But the Chicago area, with all its unpredictable weather and intermittent bouts of sunshine, features its own growing center of alternative energy research. Surprisingly enough, this hot spot for wind and solar power is just 80 miles west of Chicago.
Economic development officials along the I-39 corridor have tapped into the growing alternative energy field with investment in wind energy and solar power facilities.
"The counties along I-39 are very open for business and several of them are open to wind farm projects," says Janyce Fadden, executive director of the I-39 Logistics Corridor Association.
The corridor has spawned five significant wind farm deals since 2003.
The first of these was the $56 million Mendota Hills Wind Farm in Lee County near the village of Paw Paw. The latest to come on line, Chicago-based Invenergy LLC's Grand Ridge Wind Energy Center, is located just south of the town of Marseilles in LaSalle County. The total energy output of the 66 turbines is estimated at 315 million kilowatt hours per year, enough to power 33,000 single-family homes.
Three other projects have been approved and are either under construction or preparing to begin. NextEra Energy Resources plans to begin construction this year on a $400 million Wind Energy Center that straddles DeKalb and Lee Counties. Top Crop Wind Farm by Horizon Wind Energy, which is a unit of the Portuguese utility company, Energias de Portugal Renovaveis, S.A., has begun a project that will be built throughout Grundy and Livingston Counties. When completed, the farm will generate 600 megawatts per month.
To put that in perspective, Mendota Hills Wind Farm is capable of 51.66 megawatts per month, which enough to power about 13,000 homes.
And lastly, the 67-turbine EcoGrove Wind LLC Wind Farm in Stephenson County is nearly completed.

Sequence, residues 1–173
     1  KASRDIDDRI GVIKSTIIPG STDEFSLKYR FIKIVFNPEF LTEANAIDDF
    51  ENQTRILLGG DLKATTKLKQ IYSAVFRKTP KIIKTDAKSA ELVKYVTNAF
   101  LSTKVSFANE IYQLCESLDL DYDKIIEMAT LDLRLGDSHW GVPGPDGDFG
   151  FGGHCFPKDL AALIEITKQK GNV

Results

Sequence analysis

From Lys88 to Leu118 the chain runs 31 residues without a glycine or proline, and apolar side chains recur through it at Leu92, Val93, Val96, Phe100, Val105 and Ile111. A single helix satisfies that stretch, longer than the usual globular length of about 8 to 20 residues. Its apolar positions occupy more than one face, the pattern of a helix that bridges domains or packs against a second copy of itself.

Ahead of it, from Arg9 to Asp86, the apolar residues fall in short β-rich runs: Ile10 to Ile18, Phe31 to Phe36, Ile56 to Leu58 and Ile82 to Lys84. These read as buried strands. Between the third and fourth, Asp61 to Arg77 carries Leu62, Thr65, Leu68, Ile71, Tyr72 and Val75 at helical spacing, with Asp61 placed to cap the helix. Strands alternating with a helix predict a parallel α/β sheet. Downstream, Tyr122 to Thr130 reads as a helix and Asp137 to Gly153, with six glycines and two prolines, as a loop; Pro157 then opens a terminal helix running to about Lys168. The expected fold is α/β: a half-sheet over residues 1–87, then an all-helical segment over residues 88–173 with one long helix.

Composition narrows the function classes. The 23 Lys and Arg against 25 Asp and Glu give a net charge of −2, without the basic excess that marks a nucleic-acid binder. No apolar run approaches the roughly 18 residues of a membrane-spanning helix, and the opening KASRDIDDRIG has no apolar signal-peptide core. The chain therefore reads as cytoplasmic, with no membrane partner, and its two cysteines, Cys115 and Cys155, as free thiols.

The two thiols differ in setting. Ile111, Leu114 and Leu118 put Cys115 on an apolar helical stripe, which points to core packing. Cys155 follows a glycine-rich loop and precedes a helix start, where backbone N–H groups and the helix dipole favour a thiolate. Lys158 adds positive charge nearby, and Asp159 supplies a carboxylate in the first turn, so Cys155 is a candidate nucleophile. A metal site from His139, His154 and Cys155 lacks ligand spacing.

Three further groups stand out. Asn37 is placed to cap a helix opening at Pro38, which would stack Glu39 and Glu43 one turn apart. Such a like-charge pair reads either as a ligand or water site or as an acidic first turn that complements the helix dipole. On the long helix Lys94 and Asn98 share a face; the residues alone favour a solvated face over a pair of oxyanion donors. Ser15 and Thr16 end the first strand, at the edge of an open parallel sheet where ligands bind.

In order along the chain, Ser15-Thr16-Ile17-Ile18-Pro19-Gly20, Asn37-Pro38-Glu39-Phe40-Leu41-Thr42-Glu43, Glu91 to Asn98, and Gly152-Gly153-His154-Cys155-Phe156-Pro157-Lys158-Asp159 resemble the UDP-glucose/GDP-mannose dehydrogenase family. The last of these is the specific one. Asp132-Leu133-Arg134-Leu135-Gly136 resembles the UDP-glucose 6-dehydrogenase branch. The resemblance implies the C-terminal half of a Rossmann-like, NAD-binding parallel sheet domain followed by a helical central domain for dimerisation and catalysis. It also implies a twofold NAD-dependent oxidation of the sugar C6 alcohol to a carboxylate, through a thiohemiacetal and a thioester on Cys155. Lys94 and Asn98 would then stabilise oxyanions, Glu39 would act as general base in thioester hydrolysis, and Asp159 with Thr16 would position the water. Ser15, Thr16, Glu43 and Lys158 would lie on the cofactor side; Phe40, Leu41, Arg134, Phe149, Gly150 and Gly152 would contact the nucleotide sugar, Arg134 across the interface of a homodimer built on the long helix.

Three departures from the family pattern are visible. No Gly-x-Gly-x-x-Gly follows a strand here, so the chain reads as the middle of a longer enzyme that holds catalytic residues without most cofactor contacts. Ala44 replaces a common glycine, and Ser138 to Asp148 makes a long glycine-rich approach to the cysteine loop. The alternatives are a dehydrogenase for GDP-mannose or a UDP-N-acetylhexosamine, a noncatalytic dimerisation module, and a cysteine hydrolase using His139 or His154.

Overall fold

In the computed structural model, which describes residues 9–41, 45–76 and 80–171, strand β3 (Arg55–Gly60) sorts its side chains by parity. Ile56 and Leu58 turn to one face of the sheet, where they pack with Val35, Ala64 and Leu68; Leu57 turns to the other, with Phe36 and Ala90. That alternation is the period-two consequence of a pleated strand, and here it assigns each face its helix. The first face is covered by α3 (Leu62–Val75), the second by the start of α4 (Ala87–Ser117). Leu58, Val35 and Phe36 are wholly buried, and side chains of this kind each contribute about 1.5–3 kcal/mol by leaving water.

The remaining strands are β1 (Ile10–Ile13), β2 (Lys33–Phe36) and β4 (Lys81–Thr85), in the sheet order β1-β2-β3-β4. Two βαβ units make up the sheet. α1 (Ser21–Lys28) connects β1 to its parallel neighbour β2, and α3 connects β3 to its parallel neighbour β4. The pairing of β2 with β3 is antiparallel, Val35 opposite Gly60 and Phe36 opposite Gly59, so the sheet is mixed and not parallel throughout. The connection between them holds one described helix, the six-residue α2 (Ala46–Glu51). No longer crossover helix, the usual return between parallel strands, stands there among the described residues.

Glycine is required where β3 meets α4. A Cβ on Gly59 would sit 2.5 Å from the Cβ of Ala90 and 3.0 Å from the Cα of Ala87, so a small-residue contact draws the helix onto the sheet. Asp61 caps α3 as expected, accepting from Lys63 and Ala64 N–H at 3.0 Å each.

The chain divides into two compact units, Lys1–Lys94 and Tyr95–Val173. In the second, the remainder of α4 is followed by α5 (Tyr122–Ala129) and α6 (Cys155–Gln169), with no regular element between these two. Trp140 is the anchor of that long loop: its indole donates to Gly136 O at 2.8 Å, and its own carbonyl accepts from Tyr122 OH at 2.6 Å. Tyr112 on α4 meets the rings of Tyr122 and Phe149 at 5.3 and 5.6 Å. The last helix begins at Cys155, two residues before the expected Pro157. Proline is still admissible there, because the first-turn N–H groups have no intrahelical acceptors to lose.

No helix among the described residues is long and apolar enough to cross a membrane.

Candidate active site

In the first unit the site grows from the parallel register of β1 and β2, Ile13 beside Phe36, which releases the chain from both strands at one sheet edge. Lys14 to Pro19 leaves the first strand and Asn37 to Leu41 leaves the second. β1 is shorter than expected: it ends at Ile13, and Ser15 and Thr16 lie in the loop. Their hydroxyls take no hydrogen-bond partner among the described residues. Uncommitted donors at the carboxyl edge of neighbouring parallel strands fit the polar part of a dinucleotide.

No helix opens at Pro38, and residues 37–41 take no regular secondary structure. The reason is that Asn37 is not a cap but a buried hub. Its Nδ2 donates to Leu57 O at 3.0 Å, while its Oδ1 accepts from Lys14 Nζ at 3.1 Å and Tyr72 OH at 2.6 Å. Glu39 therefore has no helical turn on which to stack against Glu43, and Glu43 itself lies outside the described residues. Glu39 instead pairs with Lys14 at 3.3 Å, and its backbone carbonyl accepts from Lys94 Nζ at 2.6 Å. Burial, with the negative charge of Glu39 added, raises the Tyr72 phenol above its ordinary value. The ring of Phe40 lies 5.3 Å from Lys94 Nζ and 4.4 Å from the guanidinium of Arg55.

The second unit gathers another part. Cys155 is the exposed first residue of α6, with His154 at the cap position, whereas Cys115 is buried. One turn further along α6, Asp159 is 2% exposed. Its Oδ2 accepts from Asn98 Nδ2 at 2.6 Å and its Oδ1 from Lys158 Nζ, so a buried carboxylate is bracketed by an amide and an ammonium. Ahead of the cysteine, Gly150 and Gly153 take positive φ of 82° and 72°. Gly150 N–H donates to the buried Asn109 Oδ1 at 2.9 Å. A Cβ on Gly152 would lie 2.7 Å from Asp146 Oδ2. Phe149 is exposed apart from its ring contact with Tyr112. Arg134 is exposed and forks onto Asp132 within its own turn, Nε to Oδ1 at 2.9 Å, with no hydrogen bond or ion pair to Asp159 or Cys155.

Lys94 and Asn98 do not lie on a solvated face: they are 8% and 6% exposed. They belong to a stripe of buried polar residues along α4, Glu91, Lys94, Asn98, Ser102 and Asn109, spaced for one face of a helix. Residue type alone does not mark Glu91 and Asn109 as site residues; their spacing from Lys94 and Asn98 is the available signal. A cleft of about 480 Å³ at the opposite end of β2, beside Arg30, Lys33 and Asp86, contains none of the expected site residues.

However, in the current political climate, it may be a safe bet that these will not be the last projects to find a home along the I-39 corridor. $16.8 billion of the American Recovery and Reinvestment Act will be appropriated for the Department of Energy's Office of Efficiency and Renewable Energy (EERE) programs and initiatives.
President Obama has made energy one of the three key initiatives in to his economic recovery plan.
Likewise, the State of Illinois has set specific standards that should engender more development in the near future. The state has pledged that 10 percent of its electricity will come from renewable sources by 2012 and 25 percent by 2025.
To ensure that more companies continue to pursue development opportunities, the state has guaranteed that energy from wind sources will be purchased by local providers.
"In Illinois, distribution is separate from production of power," says Fadden. "In northern Illinois, Com Ed is obligated to take power from Mendota Hills onto its grid. It can then buy it and resell it or someone somewhere else can buy it off the grid. Someone in California could be buying that power."
Wind farms are not the only developments to gain traction along the I-39 corridor. Seizing upon the momentum of alternative energy, the city of Rockford has recently completed a deal with Wanxiang, a Hangzhou-based Chinese company with U.S. headquarters in Elgin, to develop a manufacture plant for photovoltaic solar-energy panels. The first phase of the project would consist of a 40,000-square-foot facility, which could eventually be expanded to 160,000-square-feet. The facility is projected to employ 250 people.
The firm preformed a nationwide search before settling on Rockford, says Fadden.
The major incentive for Wanxiang is that the city agreed to build a 100-acre solar farm just south of the regional airport. The farm will use panels produced at the Wanxiang manufacturing facility. The solar farm will produce approximately 10 Megawatts of electric power, which is sufficient to supply 3,300 average residential homes.